Ali Lavine had a classmate whose mother was the first mom in space. Naturally, growing up in Houston, she had NASA on her radar, sharing dreams of traveling to outer space with her friends. By the time she was a senior in college, completing a dual degree program between Colby and Dartmouth Colleges in physics, math, and electrical engineering, that dream was still with her. And when an astronaut with an electrical engineering background came to speak, her interest in aeronautics was cemented.
Hearing that astronaut speak about control systems and theory made Ali’s math education click, and a realization began to dawn that math could be used to control those massive objects in the cosmos that so captivated her as a child. It was a short leap from that recognition to her interest in aircraft, and shortly thereafter, she attended a career fair and learned about BAE Systems, which quickly led to her joining the company’s Engineering Leadership Development Program in 2012.
“Learning about Linda Hudson, one of the few female CEOs I’d heard about in the industry, and her engineering background was a huge draw to BAE Systems,” said Ali. “As I found out more about her career path and leadership, I knew this would be the right company for me.”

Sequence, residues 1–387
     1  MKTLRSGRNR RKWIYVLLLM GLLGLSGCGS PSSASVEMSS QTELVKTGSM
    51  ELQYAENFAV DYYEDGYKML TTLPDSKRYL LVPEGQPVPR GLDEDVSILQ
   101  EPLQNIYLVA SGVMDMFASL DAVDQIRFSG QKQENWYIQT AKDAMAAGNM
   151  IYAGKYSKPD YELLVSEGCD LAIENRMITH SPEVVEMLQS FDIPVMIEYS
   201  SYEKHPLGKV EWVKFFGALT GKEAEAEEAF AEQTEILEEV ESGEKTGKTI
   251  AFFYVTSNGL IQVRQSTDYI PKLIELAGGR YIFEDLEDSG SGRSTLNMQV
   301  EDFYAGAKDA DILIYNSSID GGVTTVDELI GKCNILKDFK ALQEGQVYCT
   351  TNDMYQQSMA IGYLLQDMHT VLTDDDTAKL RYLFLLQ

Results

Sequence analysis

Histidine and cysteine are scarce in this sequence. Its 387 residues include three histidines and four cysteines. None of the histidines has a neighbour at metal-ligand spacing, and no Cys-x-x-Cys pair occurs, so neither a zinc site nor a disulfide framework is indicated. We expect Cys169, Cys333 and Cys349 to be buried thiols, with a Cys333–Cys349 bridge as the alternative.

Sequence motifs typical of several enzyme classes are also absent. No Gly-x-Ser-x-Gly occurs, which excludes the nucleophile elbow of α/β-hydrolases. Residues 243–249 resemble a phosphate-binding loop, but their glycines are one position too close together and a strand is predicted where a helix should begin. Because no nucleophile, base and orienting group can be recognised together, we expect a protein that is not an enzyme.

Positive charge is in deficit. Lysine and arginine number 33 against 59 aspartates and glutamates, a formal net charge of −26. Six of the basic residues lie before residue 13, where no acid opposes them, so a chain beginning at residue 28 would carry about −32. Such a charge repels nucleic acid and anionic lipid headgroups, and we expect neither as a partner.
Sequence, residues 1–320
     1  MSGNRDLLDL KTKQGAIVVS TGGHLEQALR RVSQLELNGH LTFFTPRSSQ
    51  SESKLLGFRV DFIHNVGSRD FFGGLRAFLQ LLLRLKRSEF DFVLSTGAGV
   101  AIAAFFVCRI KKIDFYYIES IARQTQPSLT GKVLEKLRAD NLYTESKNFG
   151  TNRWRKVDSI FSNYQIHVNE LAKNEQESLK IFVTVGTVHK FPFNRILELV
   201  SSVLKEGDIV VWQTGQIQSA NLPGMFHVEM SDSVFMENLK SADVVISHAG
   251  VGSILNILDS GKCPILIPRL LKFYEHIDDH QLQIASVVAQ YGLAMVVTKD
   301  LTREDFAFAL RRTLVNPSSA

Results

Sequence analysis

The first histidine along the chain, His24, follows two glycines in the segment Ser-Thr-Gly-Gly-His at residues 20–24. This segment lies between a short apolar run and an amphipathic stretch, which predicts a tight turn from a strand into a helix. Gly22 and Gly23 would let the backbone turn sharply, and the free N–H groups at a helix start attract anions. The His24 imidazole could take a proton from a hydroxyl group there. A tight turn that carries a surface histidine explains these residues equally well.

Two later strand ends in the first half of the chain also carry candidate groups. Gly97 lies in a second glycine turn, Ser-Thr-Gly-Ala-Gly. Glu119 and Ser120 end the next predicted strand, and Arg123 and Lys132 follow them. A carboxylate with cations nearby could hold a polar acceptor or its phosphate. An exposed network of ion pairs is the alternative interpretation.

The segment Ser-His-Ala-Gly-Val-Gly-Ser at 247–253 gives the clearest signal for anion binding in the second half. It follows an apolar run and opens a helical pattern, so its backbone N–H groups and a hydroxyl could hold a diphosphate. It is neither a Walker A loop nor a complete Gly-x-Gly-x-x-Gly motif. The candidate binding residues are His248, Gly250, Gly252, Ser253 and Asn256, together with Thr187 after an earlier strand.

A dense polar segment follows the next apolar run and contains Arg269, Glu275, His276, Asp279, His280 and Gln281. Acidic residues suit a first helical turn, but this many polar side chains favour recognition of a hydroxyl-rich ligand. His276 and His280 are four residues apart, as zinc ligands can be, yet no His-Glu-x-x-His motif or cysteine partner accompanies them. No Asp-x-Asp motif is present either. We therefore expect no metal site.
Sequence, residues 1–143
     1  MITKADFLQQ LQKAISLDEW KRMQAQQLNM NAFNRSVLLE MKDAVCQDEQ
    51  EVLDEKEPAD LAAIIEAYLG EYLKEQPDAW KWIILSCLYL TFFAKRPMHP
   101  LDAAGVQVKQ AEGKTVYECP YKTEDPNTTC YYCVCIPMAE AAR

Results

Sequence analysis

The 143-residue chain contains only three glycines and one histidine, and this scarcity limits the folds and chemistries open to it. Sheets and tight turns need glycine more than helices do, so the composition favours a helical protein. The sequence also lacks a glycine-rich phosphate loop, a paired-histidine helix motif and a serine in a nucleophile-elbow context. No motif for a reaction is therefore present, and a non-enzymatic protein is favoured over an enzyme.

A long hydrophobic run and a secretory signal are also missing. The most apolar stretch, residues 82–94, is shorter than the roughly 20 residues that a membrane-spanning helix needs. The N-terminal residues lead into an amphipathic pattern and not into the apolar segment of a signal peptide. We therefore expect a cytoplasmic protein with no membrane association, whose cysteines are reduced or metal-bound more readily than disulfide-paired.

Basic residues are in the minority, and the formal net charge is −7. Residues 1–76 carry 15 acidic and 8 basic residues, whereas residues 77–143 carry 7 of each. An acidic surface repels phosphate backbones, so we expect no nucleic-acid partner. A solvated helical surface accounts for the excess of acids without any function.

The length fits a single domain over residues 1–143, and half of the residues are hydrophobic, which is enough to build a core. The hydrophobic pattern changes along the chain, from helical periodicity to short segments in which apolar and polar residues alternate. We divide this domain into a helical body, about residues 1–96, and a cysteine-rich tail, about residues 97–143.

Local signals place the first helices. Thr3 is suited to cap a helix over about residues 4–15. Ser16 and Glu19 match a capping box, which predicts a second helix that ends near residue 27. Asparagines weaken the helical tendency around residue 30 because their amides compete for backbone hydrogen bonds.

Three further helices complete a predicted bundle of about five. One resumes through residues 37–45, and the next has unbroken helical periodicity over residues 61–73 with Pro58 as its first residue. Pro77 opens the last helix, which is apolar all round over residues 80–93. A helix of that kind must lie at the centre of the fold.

Unlike most ELDPs in the Commercial Aircraft Solutions business in Endicott, N.Y., who start their careers banging away at flight-critical desk jobs, Ali was given the opportunity to help develop the aircraft cabin demonstration simulator that the business is now using to launch its IntelliCabin™ system. From her first days at BAE Systems, Ali was developing the block diagram to map out everything that would go into the cabin mock-up, sourcing the products that could make each component work, and then creating a way for the system to integrate all those disparate parts. This unique opportunity to design and create something so integral to an important product launch was gratifying -- if a little unsettling.
“One thing I never thought I would be doing as an electrical engineer, was putting together an airplane seat that cost more than my car,” said Ali. “I actually had to send my program manager an email requesting help from some of my stronger colleagues to even get it out of the shipping container!”
But this singular experience led to more, as Ali moved to BAE Systems’ trade show vendor’s site for the better part of a month to help oversee the construction of the ultimate cabin simulator. Ali personally worked with the vendor to integrate each part into the two-seat cabin mock-up, route all the wiring so that it would be hidden from view, and ensure the demo was portable to the Aircraft Interiors Expo in Germany for its debut.
Supporting the simulator demonstrations during the show in Germany brought Ali’s first job rotation full circle. Witnessing her 10-month passion project transformed into the centerpiece of the BAE Systems trade show booth harkened back to why she became an engineer in the first place.
“A chief engineer from one of the potential customer groups that toured our booth said to me, ‘I can definitely see the vision,' ” said Ali. “That was an incredible moment!”